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Nutritional Information on a Kobe Beef Hamburger

author image Linda Ray
Linda Ray is an award-winning journalist with more than 20 years reporting experience. She's covered business for newspapers and magazines, including the "Greenville News," "Success Magazine" and "American City Business Journals." Ray holds a journalism degree and teaches writing, career development and an FDIC course called "Money Smart."
Nutritional Information on a Kobe Beef Hamburger
Close-up of two Kobe beef burgers on a plate with French fries. Photo Credit: Juanmonino/iStock/Getty Images

Kobe beef is a special type of meat that comes from the Japanese region of Kobe. The cattle that produce the prime beef products is called Wagyu. While the prized meat originally came directly from Japan, after live Wagyu were exported, breeders in other countries began producing Kobe beef. Most Kobe beef today comes from Australia and California.

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The U.S. Department of Agriculture has strict certification procedures for Kobe beef and its verification. The cattle must be under 30 months old and come from a genotype of Waygu influence. Fat marbling in the meat must be abundant and free of any dark cutting characteristics. To qualify as Kobe beef, the meat must meet the requirements of grade A prime beef, be firm and evenly colored.

Fat Calories

A 3-oz. serving of Kobe beef hamburger contains about 240 calories, of which 160 come from fat, according to Black Angus Meats, a meat supplier in Mississauga, Canada. An average burger is closer to 8 or 10 oz., making it more realistic that you'll consume about 800 calories in a half-pounder and about 530 calories of fat. Those fat calories are what makes the Kobe distinctive, and cannot be removed without cutting the prime value of the meat.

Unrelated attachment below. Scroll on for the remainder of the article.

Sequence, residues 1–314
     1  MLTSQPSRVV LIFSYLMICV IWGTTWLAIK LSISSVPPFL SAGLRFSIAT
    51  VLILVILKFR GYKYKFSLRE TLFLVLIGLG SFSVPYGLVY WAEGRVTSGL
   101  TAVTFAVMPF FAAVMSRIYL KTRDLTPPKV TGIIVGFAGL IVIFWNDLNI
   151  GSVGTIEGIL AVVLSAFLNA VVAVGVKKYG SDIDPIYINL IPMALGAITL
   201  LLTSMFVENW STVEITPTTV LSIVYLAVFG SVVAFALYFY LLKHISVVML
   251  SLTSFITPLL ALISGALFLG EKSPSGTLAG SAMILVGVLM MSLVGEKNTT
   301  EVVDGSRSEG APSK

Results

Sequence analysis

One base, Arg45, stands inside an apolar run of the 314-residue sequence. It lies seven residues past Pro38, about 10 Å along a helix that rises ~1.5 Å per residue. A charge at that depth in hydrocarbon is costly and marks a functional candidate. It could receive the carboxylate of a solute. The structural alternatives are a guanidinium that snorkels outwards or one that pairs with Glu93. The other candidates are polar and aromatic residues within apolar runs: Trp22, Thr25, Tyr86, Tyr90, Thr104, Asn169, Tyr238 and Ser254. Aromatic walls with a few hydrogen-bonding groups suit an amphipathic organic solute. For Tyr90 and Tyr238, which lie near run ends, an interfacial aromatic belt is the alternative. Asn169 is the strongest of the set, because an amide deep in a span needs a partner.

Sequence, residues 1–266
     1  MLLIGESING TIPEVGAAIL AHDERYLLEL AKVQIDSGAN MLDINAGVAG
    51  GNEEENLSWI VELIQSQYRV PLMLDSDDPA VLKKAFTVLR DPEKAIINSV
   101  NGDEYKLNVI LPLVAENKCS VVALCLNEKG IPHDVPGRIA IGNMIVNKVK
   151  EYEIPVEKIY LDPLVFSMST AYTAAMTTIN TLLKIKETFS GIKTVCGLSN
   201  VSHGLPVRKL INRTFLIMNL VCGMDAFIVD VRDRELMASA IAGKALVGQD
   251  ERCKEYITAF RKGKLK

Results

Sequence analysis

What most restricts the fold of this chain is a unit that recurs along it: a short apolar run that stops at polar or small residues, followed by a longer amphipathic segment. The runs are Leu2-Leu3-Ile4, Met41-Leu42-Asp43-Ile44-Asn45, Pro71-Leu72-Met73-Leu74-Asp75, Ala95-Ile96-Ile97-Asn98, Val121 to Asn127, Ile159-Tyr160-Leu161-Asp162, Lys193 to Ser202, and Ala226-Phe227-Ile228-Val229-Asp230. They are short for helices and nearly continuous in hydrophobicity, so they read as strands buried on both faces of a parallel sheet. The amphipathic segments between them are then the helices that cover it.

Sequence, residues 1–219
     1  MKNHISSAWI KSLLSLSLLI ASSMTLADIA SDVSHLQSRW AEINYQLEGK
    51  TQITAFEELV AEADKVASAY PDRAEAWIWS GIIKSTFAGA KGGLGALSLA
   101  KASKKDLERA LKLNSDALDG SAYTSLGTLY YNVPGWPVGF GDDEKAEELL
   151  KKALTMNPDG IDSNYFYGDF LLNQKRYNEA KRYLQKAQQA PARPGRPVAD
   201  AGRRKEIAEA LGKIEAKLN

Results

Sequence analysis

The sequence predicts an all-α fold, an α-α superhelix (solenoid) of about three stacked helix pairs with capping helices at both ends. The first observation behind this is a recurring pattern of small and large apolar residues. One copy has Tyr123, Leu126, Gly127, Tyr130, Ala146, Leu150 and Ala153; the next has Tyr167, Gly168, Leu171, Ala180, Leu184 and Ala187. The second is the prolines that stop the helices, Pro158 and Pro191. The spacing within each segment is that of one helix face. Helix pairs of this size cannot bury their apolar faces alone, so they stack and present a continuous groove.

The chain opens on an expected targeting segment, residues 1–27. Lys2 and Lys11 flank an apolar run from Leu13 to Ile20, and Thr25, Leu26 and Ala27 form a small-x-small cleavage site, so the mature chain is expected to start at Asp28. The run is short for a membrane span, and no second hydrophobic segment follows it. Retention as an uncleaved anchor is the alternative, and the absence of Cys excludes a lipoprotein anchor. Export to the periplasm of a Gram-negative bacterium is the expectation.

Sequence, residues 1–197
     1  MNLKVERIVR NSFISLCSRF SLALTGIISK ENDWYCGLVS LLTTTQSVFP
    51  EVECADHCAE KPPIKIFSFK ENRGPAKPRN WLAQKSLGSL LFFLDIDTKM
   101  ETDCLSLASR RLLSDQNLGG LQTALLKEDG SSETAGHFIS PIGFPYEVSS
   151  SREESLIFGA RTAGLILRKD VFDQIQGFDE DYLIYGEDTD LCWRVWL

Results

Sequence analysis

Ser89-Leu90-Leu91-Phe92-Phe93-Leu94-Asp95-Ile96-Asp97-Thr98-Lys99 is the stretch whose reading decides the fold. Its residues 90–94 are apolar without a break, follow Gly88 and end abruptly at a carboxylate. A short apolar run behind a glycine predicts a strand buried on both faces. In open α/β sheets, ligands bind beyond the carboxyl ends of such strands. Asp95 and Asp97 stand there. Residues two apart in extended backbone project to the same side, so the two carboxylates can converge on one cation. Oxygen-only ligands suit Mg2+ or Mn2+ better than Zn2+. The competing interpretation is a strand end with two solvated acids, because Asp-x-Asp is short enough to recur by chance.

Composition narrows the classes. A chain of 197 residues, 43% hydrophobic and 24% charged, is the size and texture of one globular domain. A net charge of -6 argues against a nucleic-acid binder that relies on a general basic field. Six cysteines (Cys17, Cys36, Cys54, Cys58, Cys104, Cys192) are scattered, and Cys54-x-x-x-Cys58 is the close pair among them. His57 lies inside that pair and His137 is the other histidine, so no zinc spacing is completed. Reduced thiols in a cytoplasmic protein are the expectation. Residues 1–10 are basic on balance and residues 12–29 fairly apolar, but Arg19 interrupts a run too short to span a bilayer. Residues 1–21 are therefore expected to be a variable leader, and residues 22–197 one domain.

Eating a full-sized Kobe burger should be limited to a rare treat because of the high fat content. According to, if you eat an average of 2,000 calories per day, only 400 to 500 of those calories should come from fat. The saturated fat in the marbled Kobe beef exceeds the limit of saturated fat you should consume to avoid heart failure, which is closer to 7 percent of your daily calorie intake, or about 140 calories at most.


While you're packing on the fat and calories, you will receive additional nutrition from a Kobe burger. According to Black Angus Meats, an 8 oz. burger contains about 50g of protein, more than a day's requirements. The same burger also packs on about 173mg of cholesterol and about 146mg of sodium, with traces of iron.


If you want to enjoy the rich, fatty taste of a Kobe beef hamburger, consider eating a slider, or a small version of the big burger that is typically 3 to 4 oz., thin and about 2 1/2 inches wide. A Kobe beef slider has about 340 calories, of which about 144 are from fat and 8g saturated fat. A slider has about 24g of protein and 22g of carbs.

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